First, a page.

Select Page

William Godfree of Kaanlang

William, the youngest son, was left the same sum of money as his brother George and by 1861, was farming in Fifield, Oxfordshire where he was still in 1881. He appears several times in the advertisements section of the Jackson’s Oxford Journal selling wood at auction. He is also mentioned in the petty sessions but not as a criminal..

William left Fifield and sailed on an unassisted passage on the Holt Hill, arriving in Australia in September 1885. Unlike his brother, he does not seem to have been very successful in Australia. He was leasing land for ten years, but lost this and although he was owning land for at least a year later on, by the time of his death he had no assets other than some money in the bank.

Sheep shearing c1900 Wikimedia Commons

It looks as though he continued farming. By 1888, he was in Kaanlang Parish, County of Polwarth. This was an area about 140 kms south west of Melbourne and from the Parish Plan appears to cross the Otway Ranges – the southern parish boundary being the Wye River where it enters the Bass Strait and the northern boundary adjoining Barwon Downs. There are two distinct areas of settlement marked, most of it being State Forest and also taking in Angahook Lorne State Park. Not all allotments are mapped on the plans, but numbers 27 and 29 are in the coastal area, the lowest numbers are on the northern part. From the probate documents, we know that he had an old Crown Lease which was granted on the 1st July 1888 over Allotment 25 Parish of Kaanlang, County of Polwarth but which was forfeited in September 1898.

William appears as complainant in two cases at Birregurra Court of Petty Sessions. The first time, against William Fraser for a work and labour debt on 29th March 1890, the second on 25th October 1899 was against Thomas Victor Smith for sheep stealing.

From 1905-1906, he is listed as Occupier & Owner in the Parish of Kaanglang in the Winchelsea Shire Rate Books. He died on the 5th July 1913 of senile decay. bronchitis and heart failure at Barwon Downs, Winchelsea, County of Polworth and was buried two days later in Warncoort Cemetery.He never married and when he died he, William Godfrey [sic] of Kaanlang farmer, left “everything to his nephew William Godfrey [sic], storekeeper of Charlton” in a will dated 28th June 1913. This was witnessed by John Fitzpatrick, general practitioner of Birregurra , and James Henry Grant, Justice of the Peace of Forrest.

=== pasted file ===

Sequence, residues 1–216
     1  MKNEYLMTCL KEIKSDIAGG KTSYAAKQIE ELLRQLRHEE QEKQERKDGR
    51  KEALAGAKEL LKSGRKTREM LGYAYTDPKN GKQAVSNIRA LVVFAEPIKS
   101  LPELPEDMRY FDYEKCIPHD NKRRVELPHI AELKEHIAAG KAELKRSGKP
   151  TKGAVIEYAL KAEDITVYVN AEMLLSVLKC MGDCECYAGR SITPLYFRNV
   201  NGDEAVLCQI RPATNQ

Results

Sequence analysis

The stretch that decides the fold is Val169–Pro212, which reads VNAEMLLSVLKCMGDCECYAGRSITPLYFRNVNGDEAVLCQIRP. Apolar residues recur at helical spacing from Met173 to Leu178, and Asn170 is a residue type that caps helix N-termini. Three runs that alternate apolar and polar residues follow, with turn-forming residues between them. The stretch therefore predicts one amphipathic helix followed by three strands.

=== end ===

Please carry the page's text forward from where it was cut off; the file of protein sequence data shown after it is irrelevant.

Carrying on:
Probate was granted to William Samuel eventually, as the incorrect spelling of his name caused a great deal of paperwork involving proof of identity.

Included in the probate documents, (which can be seen from the link below) is a letter (under oath) from James Henry Grant of Forrest, sawmiller, who prepared the will, who stated ” that in writing out the Will I erroneously spelt the surname of the said Testator as “Godfrey” as the name now appears, being at the time of the impression that that was the correct method of spelling his said surname and also because this is the usual way of spelling the said surname“. He then goes on to say that he had also spelled Wiliam’s name wrong, and anyway it should have been William Samuel and had called him a Storekeeper, although actually he “is by occupation a Grocer“.

The letter from the doctor, John Kirkpatrick of Birregurra, as well as testifying that it was the correct spelling of the surname, also mentioned that “the shakiness of the Testators’s  signature is due to extreme weakness due to Cardiac Asthma.”

Both of them confirmed that the will had been read over to the Testator who “seemed perfectly to understand the same and expressed his approval thereof“.

After six months of toing and froing, probate was granted and the value of the estate was £38 12s 8d. He had left nothing, apart from this amount in an account with the Colonial Bank of Australasia.

Bellarine Peninsula and Geelong & District History Site

Birregurra By The Barwon
Wye River Heritage Walk

Godfrees of Great Rissington

Godfrees of Great Rissington

The Church of St. John the Baptist , Great Rissington.The first set of gates are the entrance to Manor Farm.© Copyright David Luther Thomas and licensed for reuse under this Creative Commons Licence. The Godfree, Hambidge, Cambray and Baylis families intertwined with...

read more

The Godfree Daughters

George and Mary Godfree had 9 daughters. The oldest daughter, Elizabeth, was baptised on 7th June 1824 in Great Rissington. She married George Osborn of Charlton on Otmoor, Oxfordshire on 16th January 1850 in Great Rissington. They had four daughters and a son. In...

read more

The Ascott Martyrs 1873

Sarah Godfree's younger sister, Rose Hannah, married Robert Hambidge of Icomb, Gloucestershire.  They were married in Great Rissington in 1859. In 1861, they were farming in Westcote, Gloucestershire but by 1871 were living at Crown Farm in Ascott-under-Whychwood when...

read more

“Prominent resident of Yapeen”

George Godfree was left two hundred pounds in his father's will,  which was proved on 1st January 1851, and by the 30th March he was an apprentice grocer, living with his maternal uncle, Thomas Smith, a grocer, in Paddington.Gold had recently been discovered in...

read more

Residents of Melbourne

  Only one of George and Marjorie's ten children married, their youngest, Ernest Graham. He followed a very different path altogether to his older siblings. Laurence, the fourth son died soon after birth. Charles John, the fifth son, stayed on the farm in...

read more